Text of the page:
So, what's the point of a business school in a city infested with business schools? I shall argue there is still a gap in the market. The business schools mainly prepare its students for big company careers - that of a 'company man' - whereas more than 80% of the British workforce are employed in small and medium businesses. I know it does not make good marketing copy to say that after doing our MBA, you will work for SomeCo, but that's the reality. In fact, it makes good copy to say that after the MBA, you will be able to own or run SomeCo: That's what we are going to do.
Second problem, most business schools operate with assumptions which are so last century. They may have moved from the days of scientific management (which, in most cases, isn't true), but their thinking is firmly rooted in the age of 'economic man', the sort of paradigm we lived with just before the current recession. Our school, being small and nimble, can become a truly post-recession business school, focused on small businesses as well as the ideas and formations emerging from the new economics.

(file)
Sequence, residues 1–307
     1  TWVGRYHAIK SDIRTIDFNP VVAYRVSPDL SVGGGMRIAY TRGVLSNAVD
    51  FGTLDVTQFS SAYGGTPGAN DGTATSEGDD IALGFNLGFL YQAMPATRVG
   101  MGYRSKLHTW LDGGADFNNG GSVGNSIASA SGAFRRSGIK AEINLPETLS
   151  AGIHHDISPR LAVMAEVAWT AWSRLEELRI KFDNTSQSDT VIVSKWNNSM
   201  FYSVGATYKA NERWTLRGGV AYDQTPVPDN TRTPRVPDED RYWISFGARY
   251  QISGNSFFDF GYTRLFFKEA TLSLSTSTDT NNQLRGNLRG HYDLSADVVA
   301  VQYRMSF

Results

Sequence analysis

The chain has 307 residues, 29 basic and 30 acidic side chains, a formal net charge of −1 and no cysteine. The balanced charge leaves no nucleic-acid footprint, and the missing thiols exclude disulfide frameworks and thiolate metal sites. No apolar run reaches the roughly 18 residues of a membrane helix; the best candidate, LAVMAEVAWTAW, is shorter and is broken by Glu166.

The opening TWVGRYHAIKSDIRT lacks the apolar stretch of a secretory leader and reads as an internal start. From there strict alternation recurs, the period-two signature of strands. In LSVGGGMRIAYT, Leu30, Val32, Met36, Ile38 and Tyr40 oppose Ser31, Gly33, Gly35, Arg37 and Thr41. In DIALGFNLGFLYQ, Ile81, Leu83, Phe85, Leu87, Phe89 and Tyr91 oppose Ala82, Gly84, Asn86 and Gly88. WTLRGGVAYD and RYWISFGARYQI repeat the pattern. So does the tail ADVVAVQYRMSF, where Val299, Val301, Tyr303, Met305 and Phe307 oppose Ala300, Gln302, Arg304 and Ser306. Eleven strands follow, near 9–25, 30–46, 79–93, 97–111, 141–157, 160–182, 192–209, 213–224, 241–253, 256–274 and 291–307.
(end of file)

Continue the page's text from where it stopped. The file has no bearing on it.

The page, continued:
Finally, technology. Most of the business schools are still firmly wedded to technologies of mass information. Again, we may have moved from the age of industrial technologies to information technologies, but in most cases, we are still in the broadcast age as far as teaching is concerned. We are trying to move into the age of conversation, the age of 'back channel' if I could call it that. So, the business school we set up will be dedicated to the post-prosperity, post-industrial business owners and managers, who are constantly worried about environmental and social impact, revolutionary changes in technology and society and at home with globalization. This should be the case for all managers today, but I shall argue that most business courses in Britain are not yet there.